As a result of the encouragement and the repetitive counsels given by God through His servant, Ellen G. White, a co-founder of the Seventh-day Adventist organization, plans were eventually put into operation to share the Adventist message with colored people in the southern states of the United States of America. Such a venture was entered upon at a time when colored people were very much oppressed and neglected, and this condition of things was especially prevalent and prominent in the South. Again and again Ellen White spoke out on this serious and disturbing matter, stating, “Sin rests upon us as a church because we have not made greater effort for the salvation of souls among the colored people” and “the way this matter has been treated by some is an offense to God.” Also, as far as interracial worship in general was concerned, Ellen G. White made it clear to church leaders that they had “no license from God to exclude the colored people” from their “places of worship” and further declared, “Treat them as Christ's property, which they are, just as much as yourselves. They should hold membership in the church with the white brethren.” 9 This messenger to the church reiterated time and time again, “The Lord has looked with sadness upon the most pitiful of all sights, the colored race in slavery. He desires us, in our work for them, to remember their providential deliverance from slavery, their common relationship to us by creation and by redemption, and their right to the blessings of freedom.” 10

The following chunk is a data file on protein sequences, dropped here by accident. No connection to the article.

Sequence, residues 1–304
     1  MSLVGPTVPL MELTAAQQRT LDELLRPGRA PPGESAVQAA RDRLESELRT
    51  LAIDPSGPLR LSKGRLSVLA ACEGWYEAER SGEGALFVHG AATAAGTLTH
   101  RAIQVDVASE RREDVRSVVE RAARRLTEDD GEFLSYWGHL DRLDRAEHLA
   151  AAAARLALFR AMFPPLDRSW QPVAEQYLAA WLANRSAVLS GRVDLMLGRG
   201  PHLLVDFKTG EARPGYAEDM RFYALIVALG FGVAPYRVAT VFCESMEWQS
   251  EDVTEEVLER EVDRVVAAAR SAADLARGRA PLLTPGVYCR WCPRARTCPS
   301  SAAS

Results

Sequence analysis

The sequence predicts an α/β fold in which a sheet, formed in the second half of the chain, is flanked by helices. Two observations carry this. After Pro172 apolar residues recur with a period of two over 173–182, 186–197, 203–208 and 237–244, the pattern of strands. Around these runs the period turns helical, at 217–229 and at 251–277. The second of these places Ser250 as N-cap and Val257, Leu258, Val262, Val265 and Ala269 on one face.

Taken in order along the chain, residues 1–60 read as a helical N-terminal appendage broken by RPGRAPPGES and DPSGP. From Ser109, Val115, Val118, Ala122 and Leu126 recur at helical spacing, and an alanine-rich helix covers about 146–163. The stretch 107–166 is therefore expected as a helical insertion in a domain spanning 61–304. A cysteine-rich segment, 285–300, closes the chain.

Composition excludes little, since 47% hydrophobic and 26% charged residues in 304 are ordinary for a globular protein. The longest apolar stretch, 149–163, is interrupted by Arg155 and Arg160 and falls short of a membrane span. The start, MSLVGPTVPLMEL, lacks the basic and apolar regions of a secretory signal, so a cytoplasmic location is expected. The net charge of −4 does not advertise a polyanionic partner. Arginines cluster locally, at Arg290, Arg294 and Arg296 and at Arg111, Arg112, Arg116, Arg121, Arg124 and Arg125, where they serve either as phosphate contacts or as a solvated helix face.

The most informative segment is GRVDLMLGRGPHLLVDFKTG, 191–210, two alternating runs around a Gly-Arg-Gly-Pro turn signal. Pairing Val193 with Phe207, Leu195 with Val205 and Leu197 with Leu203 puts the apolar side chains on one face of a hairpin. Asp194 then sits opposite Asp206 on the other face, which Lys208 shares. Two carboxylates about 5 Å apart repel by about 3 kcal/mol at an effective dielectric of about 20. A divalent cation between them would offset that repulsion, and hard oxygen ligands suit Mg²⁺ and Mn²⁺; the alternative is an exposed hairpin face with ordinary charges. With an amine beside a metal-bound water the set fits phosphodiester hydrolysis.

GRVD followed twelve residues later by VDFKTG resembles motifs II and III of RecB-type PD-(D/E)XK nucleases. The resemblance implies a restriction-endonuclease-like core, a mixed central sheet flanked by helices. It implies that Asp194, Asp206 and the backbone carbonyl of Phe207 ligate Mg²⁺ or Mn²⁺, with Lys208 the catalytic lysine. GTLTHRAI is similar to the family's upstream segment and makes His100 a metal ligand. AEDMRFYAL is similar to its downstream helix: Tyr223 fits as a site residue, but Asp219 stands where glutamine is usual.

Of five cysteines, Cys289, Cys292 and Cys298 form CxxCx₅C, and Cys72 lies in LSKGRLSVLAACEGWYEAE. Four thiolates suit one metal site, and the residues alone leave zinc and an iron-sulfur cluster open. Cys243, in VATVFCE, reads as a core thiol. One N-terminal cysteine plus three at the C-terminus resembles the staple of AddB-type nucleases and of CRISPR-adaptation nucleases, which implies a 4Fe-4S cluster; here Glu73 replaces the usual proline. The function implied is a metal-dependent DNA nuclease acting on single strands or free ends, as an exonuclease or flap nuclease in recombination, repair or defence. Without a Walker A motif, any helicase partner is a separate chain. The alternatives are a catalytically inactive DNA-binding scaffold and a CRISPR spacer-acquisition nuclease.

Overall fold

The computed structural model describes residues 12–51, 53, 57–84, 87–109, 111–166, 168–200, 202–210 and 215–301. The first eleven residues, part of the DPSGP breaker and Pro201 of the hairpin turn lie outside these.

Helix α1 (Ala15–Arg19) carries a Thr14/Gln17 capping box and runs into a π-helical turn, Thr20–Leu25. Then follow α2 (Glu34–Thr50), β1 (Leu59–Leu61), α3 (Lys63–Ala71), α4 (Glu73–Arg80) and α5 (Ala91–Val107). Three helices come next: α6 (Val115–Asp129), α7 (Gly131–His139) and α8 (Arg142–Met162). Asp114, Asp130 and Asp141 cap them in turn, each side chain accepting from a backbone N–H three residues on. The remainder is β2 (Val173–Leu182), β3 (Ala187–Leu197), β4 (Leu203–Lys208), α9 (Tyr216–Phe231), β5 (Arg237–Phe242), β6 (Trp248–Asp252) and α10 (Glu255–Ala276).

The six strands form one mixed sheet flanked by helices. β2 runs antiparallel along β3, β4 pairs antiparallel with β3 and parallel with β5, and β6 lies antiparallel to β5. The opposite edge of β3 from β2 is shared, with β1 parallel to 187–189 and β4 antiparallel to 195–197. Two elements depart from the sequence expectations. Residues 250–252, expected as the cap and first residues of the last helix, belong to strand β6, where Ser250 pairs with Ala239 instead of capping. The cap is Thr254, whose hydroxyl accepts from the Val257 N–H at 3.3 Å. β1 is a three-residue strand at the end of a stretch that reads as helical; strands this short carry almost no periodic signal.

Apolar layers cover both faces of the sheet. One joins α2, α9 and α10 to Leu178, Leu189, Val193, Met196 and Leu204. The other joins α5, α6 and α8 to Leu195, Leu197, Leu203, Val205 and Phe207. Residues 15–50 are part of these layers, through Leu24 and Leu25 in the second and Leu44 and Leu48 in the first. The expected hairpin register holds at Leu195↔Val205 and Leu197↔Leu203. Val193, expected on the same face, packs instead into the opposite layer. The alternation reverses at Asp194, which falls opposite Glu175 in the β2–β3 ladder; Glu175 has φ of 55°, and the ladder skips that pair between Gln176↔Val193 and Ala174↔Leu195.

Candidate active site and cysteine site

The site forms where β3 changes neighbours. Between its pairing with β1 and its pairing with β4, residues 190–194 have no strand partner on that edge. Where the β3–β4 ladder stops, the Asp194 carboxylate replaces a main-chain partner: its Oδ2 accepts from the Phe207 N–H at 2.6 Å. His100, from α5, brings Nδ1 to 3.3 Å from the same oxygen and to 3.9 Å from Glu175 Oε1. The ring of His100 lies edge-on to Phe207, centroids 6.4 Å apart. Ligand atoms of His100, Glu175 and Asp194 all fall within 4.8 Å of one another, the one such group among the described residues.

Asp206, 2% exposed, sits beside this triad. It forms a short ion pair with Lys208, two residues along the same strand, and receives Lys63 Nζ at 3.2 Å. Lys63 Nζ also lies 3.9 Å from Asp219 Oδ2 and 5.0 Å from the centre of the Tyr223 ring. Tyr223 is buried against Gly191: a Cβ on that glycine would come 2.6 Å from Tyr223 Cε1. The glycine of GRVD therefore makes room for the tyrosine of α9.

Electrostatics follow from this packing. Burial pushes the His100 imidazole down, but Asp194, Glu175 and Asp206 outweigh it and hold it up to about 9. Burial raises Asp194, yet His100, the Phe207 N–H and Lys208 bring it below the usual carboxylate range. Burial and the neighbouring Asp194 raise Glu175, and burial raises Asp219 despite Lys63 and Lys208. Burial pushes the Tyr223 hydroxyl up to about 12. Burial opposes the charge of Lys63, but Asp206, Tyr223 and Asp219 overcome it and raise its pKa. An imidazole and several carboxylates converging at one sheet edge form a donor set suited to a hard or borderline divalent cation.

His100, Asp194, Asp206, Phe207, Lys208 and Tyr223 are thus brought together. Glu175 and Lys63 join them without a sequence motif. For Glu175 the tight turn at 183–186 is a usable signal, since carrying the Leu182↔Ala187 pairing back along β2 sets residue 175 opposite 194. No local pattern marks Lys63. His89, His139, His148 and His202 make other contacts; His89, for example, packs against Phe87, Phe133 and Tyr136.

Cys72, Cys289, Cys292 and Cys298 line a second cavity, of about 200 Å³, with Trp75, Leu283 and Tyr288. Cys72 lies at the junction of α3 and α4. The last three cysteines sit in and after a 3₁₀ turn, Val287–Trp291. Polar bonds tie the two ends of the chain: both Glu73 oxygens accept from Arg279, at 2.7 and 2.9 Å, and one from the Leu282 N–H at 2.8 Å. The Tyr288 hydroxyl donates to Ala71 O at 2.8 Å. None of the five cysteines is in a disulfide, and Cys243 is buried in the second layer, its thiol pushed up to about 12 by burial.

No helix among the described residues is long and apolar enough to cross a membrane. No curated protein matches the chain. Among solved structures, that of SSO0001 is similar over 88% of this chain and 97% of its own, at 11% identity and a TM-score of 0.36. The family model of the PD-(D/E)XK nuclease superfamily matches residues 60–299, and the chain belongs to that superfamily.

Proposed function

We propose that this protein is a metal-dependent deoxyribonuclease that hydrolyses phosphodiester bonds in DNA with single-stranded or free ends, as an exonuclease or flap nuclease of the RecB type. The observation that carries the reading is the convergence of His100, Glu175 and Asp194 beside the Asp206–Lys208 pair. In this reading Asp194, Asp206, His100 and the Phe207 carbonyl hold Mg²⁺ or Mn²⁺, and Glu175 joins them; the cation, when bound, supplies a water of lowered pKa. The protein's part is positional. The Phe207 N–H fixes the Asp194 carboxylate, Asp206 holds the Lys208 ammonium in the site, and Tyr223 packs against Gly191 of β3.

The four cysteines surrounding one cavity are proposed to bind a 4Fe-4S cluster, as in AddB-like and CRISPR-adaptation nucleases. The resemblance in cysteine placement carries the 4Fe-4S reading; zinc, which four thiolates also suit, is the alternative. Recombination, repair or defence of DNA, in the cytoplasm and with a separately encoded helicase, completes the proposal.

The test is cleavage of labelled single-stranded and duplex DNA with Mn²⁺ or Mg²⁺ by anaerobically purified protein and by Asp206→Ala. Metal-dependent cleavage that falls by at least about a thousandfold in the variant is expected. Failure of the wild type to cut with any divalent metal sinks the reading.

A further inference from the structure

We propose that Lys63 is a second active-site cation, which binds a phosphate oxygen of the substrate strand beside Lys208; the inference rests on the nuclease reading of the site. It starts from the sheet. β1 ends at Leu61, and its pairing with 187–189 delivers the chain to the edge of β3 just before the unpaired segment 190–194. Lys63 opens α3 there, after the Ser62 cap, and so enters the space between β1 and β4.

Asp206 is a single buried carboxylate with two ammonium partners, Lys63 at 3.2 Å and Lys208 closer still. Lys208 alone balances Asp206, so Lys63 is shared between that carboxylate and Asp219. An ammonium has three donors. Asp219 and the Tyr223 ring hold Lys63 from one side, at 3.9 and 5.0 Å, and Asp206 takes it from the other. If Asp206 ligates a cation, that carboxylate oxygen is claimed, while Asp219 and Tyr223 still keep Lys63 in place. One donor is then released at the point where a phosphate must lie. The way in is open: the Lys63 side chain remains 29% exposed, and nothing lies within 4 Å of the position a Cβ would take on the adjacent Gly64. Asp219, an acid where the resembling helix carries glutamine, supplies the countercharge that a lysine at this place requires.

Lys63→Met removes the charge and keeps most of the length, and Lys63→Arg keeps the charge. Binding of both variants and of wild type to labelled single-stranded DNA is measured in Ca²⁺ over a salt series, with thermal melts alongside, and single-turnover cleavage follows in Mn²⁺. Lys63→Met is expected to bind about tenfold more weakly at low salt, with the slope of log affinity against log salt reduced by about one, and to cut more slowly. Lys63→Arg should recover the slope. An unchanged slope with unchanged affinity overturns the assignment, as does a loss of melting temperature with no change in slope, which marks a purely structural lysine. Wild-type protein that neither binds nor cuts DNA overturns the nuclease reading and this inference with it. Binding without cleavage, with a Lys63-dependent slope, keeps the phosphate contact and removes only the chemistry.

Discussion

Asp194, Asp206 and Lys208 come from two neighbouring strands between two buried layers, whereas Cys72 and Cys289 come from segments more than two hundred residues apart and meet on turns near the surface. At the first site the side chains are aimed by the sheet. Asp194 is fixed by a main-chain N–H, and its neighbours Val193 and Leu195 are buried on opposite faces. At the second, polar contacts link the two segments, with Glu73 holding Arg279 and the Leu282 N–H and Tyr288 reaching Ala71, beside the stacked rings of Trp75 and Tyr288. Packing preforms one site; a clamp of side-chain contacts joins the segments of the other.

Edson White
Edson White
It was not until some years later this work was really started in the South, amidst the unfortunate and difficult circumstances that then existed. However, through the power of the Holy Spirit, those who pioneered this work were very effective and many colored people accepted the Adventist message in the South. Among those who took on this unpopular task was Ellen White’s own son, James Edson White. At the end of the nineteenth century, this brave young man was led to step out as a pioneer of this unpopular work aboard The Morning Star boat. He was not afraid to leave the confines of his familiar surroundings and fearlessly answer the call to work in behalf of the colored people in the South. Edson moved forward undaunted by this very difficult task out of pure love for his fellow man. Of his successful labors many things have been said and articles written.

“The Morning Star was built on the banks of the Kalamazoo River at Allegan, Michigan, in 1894, just after Edson’s reconversion. It was his ambition, and the ambition of his close friend Will Palmer, to open up a work among the blacks in the Deep South. The boat would provide transportation along the twisting waterways of the Mississippi and its tributaries, as well as house the workers and furnish a portable meeting place for the people.” 11

His mother, Ellen G. White, wrote years later, “From the many remarkable and interesting experiences that Edson and his associates have had on The Morning Star, and because of the part it has acted in an important and blessed work, Edson has regarded it as different from an ordinary piece of property, and so have I.” 12